All in all it’s typical Wodehouse stuff, very much of the same mould as the earlier Jeeves novels and short stories, which are all very much in the same mould as each other. So much so that every time my dad (being a fellow Wodehouse fan) catches me with a Jeeves and Wooster, after curiously inquiring which one, he always and invariably admits to not knowing whether he’s read it or not, asking for a plot point, and then going ‘well that pretty much describes all of them’. But, well, that’s all part of their charm. It’s like watching a favourite sitcom: you always know what you’re going to get when you pick one up. Not my favourite in the series, but still very enjoyable.(less)
It’s summer again! And summer means lying out on the lawn with a cold drink and a Jeeves and Wooster. The UK’s been having somewhat of a heatwa...more 5 Stars
It’s summer again! And summer means lying out on the lawn with a cold drink and a Jeeves and Wooster. The UK’s been having somewhat of a heatwave recently so actually the ‘lawn’ was more like ‘straw’ and I missed the company of my beautiful dogdog who passed away last month, but otherwise it’s as close to perfect Jeeves and Wooster conditions as you can get and I was able to spend a very enjoyable day snorting to myself over Bertie’s misadventures.
There is, of course, nothing significantly different in The Code of the Woosters from any of the previous Jeeves books – Bertie finds himself in an awkward situation, it escalates and escalates and escalates, and then Jeeves solves it – but that is all I want from a Jeeves and Wooster. I know exactly what I’m getting from these books and that’s a familiar but very very funny comedy of errors, wonderful use of the English language, and absolutely masterful storytelling.
In this book Bertie is invited to Totleigh Towers to help heal the rift between Gussie Fink-Nottle and his fiancée after a misunderstanding over him removing a fly from her cousin’s eye. Bertie must also steal a silver cow creamer from his host, Sir Bassett, a magistrate who once fined him five pounds for pinching a policemen’s helmet, and find a way of reconciling Sir Bassett to the idea of his niece, Steffy, marrying the local curate. All the while escaping the clutches of Bassett’s other houseguest, Roderick Spode, a man who ‘Nature had intended to make a gorilla, and had changed its mind at the last moment’ and who aspires to become a Fascist Dictator (it's the 30s). Of course, it’s never quite that simple and Bertie finds himself getting tangled in an ever more messy web of miscommunications and misunderstandings. It’s all ridiculous, brilliant, stuff.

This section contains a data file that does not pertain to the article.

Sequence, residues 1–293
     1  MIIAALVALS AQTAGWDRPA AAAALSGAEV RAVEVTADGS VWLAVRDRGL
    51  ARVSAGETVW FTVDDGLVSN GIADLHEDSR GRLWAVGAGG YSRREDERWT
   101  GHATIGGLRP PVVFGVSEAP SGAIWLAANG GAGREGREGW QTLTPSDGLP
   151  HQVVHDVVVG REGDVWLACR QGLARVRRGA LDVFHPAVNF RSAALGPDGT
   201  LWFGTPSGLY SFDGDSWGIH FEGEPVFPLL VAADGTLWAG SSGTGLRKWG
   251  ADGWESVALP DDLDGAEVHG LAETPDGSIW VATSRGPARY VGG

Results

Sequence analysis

And Bertie is probably my favourite first-person narrator ever. Its his character, more than the situational comedy, that really makes these books great. He narrates how he speaks and he speaks like a 1930s not very bright member of the idle rich, peppering his language with deliciously dated terms and slang slang ‘golly’ ‘bally’ ‘rot’, and references to half remembered (and normally misunderstood) quotations, stories or songs. ’...I mean to say. I mean, imagine how some unfortunate Master Criminal would feel, on coming down to do a murder at the old grange, if he found that not only was Sherlock Holmes putting in the weekend there, but Hercule Poirot as well.‘ It’s almost impossible not to hear his voice as you read. And it’s all so understated and played so straight (this is where most TV adaptations of Wodehouse get it so dreadfully, dreadfully, wrong) that it’s impossible not to love him.
So, five stars for this one. Yes, it’s simply more of the same but when the same is as brilliant as P.G. Wodehouse at his best, that doesn’t really matter. It’s precisely what I’m looking for on a glorious sunny day. I doubt I’d recommend reading the whole series back to back (that really would get repetitive!) but when the sun’s shining and I’m in the right mood they’re absolutely glorious.(less)
To be honest although this felt like a 3.5 read, that’s not because it’s a bad book. In fact it’s as good as, if not better than, the last Jeeves b...more3.5
To be honest although this felt like a 3.5 read, that’s not because it’s a bad book. In fact it’s as good as, if not better than, the last Jeeves book I reviewed and gave 4 stars to – it’s certainly far less problematic and offensive. What made this book less enjoyable for me was simply that I wasn’t in the right frame of mind to pick it up in the first place. There’s been a lot of unpleasant stuff going on recently and I though I needed something lighthearted to cheer me up – and it worked, to a certain extent, but it wasn’t particularly conductive to getting the maximum enjoyment from these books. Next time I will remember my own theory – Jeeves works best when accompanied by a jug of Pimms, lying out on the lawn on a sunny day. Reading it crammed in the back of a car, with torrential rain pouring down outside just isn’t the same. Nevertheless I’ll try to go over the key points.